Politicians past and present and of every stripe have filled St. Patrick's Cathedral to remember former Gov. Hugh Carey, who led New York out of an economic crisis in the 1970s.
"He did in fact save New York City and when he saved New York City, he saved New York State. And when he saved New York City and New York State, he protected the honor of the whole country," Cuomo said outside the church before the service. "He was obviously the most effective governor in the modern era ... myself included."
Edward Cardinal Egan, Archbishop Emeritus of New York, called Carey "a prophet who spoke the truth ... with wisdom and strength," and "a political leader par excellence."
Former Lieutenant Gov Richard Ravitch, who also was part of the team that worked on the 1970s fiscal crisis, recalled his favorite personal memory of Carey:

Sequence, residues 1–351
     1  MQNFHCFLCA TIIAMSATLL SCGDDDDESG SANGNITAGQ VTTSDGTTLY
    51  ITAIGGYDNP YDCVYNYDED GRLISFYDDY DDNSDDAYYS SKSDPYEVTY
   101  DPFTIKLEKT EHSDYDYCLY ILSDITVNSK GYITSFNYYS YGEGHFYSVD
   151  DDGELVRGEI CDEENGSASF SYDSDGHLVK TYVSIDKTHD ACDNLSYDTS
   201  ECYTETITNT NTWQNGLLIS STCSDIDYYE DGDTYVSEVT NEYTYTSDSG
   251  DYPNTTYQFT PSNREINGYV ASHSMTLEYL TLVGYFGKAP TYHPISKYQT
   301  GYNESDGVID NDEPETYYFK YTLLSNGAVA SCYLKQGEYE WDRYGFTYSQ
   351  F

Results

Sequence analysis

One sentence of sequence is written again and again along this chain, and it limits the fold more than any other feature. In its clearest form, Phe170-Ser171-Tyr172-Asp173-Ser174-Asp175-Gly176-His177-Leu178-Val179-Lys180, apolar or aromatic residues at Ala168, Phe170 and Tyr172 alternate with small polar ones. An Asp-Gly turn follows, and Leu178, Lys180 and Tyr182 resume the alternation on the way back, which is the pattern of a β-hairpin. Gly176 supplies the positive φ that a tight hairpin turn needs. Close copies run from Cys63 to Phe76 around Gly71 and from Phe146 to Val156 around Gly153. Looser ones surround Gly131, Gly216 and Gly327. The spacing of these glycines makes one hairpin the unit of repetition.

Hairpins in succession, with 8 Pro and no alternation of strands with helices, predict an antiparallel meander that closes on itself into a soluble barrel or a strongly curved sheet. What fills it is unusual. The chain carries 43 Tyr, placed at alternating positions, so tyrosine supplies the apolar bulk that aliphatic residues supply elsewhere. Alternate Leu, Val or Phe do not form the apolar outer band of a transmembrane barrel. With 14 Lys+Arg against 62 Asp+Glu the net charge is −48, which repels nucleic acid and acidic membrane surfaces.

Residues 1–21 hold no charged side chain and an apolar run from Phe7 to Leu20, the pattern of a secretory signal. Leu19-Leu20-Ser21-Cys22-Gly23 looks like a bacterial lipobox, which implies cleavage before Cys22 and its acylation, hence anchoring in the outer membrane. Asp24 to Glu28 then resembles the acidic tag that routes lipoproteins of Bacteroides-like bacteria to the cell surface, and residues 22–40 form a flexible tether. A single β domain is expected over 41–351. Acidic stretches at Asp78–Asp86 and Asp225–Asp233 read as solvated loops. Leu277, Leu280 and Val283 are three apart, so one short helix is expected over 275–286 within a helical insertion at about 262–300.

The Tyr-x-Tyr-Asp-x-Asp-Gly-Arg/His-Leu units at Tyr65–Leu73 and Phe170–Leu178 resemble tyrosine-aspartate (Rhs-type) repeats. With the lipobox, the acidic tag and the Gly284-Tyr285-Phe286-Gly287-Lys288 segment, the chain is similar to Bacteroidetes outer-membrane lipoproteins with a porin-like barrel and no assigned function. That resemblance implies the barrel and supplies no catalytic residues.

"I went to see him to talk about public television. It was September 1979. He said: 'I am not going to talk to you unless you agree to be MTA chairman.' I said 'You're crazy.' And, of course, a week later, I agreed."
Rep. Peter King (R-Seaford) said Carey's death represented the "passing of a giant. He was perhaps the most outstanding leader New York has ever had. If he were here today, he'd lighten things up and remind us of the good times."
Koch recalled Carey's people skills and "terrific sense of humor." The seven-term congressman was governor from 1975 to 1982.
He died Sunday at the age of 92.
With Dan Janison and Yancey Roy